Employee Taken to Hospital After Genentech Hazmat Spill in South San Francisco

Published: Jul 18, 2016

Employee Taken to Hospital After Genentech Hazmat Spill in South San Francisco July 14, 2016
By Alex Keown, BioSpace.com Breaking News Staff

SAN FRANCISCO –A small chemical spill at the San Francisco campus of Genentech sent one employee to the hospital on Wednesday as part of a precautionary measure, SFGate reported Wednesday afternoon.

The incident was apparently minor and the company has not made any announcements on its website about what was spilled or provided any updates on the employee who was taken to the hospital for precautionary reasons.

At the time of the report, the substance that was spilled was unidentified, but was contained within a pool, the paper said. The fire department did not say what spilled because it is a product made by Genentech, KRON of San Francisco reported. Officials said the unknown substance was not a public health concern. The incident happened in a research lab in South San Francisco. The local fire department was assisted by a Genentech response team, SFGate said.

Although the unknown substance incident has garnered press today, Genentech has made some big gains lately, particularly following the U.S. Food and Drug Administration’s approval of its allergic asthma drug, Xolair, children six to 11 years of age. The drug was previously approved for use in children ages 12 and over and since 2003, has been given to more than 200,000 allergic asthma patients.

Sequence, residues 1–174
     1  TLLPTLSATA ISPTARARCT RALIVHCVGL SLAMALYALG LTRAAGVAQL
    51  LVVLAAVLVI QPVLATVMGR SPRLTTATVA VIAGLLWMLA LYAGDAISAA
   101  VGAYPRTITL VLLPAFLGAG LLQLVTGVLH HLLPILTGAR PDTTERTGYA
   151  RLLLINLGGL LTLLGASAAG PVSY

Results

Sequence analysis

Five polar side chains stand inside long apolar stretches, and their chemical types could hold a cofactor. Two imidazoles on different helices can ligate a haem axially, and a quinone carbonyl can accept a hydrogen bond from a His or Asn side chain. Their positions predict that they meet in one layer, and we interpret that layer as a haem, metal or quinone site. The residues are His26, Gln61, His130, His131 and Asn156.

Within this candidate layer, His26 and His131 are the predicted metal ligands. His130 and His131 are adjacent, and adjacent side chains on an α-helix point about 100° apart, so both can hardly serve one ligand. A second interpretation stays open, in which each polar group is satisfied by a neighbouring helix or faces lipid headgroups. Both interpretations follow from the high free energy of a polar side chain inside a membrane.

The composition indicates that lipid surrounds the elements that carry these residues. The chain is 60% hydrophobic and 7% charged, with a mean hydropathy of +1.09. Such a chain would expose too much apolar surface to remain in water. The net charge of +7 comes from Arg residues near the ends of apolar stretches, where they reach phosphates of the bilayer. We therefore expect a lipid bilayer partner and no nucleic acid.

The company is also anticipating a regulatory ruling for Ocrevus (ocrelizumab) for the treatment of relapsing multiple sclerosis (RMS) and primary progressive multiple sclerosis (PPMS). The FDA has granted the drug a priority review and is expected to make a ruling by Dec. 28. If approved by the FDA and EMA for both indications, OCREVUS would be the first and only treatment indicated for both forms of MS, which affect approximately 95 percent of people at diagnosis. Currently, there are no approved medicines for PPMS, a debilitating form of MS.

But the company has also seen some share of bad news. In June, the U.S. Department of Justice ordered Genentech and partner OSI Pharmaceuticals, LLC to pay $67 million to resolve allegations they made misleading statements about the effectiveness of the oral cancer drug Tarceva to treat non-small cell lung cancer. According to the Justice Department, between January 2006 and December 2011, South San Francisco-based Genentech and New York-based OSI, made misleading representations to physicians and other health care providers about the efficacy of Tarceva for the treatment of lung cancer. Federal officials said “there was little evidence to show that Tarceva was effective to treat those patients unless they also had never smoked or had a mutation in their epidermal growth factor receptor, which is a protein involved in the growth and spread of cancer cells.” Because of that lack of evidence, the federal government contended its healthcare programs overpaid for the medication.

In addition, Genentech may owe some health care providers reimbursements after the company recalculated its prices for certain drugs under the federal pricing program, 340B. The 340B program is a federal drug discount program that requires drug manufacturers to provide drugs to eligible health care organizations at significantly reduced prices. The ceiling price is the maximum price a manufacturer can charge for a drug in the program.

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